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City of Youngstown questions reliability of downtown's heat supplier

City officials say Youngstown State and other buildings downtown have had problems with Youngstown Thermal

YOUNGSTOWN, Ohio (WKBN) - Youngstown Thermal has been supplying steam heat to the downtown area for 120 years, but now its reliability is in question.

The company's CEO, Carl Avers, stood before Youngstown City Council Monday evening, his contract with the city in jeopardy.

Avers explained to council's Building and Grounds Committee how, over the next several years, $250 million - some government money and some private - will be spent to upgrade his plant.

"The steam price that we currently charge to our customers will go down as a result of this," he said.

Finance Director Dave Bozanich asked pointed, direct questions pertaining to the reliability and viability of Youngstown Thermal.

He started with the company's 2013 bankruptcy filing.

"You were telling the court you felt the company had no value, but what's giving it all the value at this time?"

Avers said the bankruptcy was filed in response to a $55 million lawsuit.

"I took bankruptcy to discharge that frivolous lawsuit."

Then came the issue of Youngstown State, which dropped Youngstown Thermal this summer.

Bozanich says YSU officials told him Youngstown Thermal had reliability issues. Avers said that it was a problem with the university's piping, not his company.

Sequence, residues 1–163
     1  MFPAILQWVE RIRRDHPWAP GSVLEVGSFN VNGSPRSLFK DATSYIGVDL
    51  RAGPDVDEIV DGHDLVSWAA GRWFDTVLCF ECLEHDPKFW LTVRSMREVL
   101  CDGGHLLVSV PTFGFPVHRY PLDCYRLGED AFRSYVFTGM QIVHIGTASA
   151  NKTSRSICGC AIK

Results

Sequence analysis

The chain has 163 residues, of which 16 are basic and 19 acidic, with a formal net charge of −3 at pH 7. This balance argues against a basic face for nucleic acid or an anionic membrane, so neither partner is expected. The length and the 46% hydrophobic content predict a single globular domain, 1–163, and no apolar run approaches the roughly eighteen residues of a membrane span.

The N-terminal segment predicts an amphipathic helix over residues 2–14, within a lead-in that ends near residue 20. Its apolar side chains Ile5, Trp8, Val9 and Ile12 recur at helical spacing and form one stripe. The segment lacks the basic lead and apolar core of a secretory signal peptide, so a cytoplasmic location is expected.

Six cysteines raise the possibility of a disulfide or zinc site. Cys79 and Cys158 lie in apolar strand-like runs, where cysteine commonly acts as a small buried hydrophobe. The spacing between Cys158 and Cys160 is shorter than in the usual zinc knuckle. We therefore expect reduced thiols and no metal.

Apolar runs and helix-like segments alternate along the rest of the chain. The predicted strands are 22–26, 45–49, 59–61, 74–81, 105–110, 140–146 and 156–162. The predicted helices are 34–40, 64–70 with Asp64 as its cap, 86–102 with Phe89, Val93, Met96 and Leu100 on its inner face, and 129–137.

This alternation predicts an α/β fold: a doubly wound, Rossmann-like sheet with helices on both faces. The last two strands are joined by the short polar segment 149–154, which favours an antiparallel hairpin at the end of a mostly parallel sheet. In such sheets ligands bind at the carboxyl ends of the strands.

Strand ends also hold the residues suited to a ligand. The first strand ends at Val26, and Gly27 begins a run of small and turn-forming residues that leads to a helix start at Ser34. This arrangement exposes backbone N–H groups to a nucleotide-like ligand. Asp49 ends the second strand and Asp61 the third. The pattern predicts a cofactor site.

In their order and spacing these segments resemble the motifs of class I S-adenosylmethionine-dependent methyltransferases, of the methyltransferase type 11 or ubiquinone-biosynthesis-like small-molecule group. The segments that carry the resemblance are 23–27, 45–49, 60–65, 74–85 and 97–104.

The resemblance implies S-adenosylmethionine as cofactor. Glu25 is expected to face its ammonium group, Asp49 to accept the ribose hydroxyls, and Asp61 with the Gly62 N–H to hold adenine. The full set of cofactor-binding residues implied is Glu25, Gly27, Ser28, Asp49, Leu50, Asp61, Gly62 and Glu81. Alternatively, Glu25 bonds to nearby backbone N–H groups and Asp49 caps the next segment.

Bozanich then questioned a government project to build a new turbine at Youngstown Thermal. He asked Avers if he has a legally binding commitment to fund.

"We have agreements between us that say it's going to be installed on our site. It's designed for our site," Avers responded.

The city government is not alone in being concerned with Youngstown Thermal's reliability.

"We've heard it from Youngstown State, we've heard it from Home Savings, we've heard it from the Vindicator in their buildings," said Mayor John McNally.

At its next meeting on November 16, city council will consider hiring Brewer-Garrett, of Middleburg Heights, to redo all of its power systems, including heating, air conditioning and electric.

Youngstown Thermal should know the city's decision in a week.

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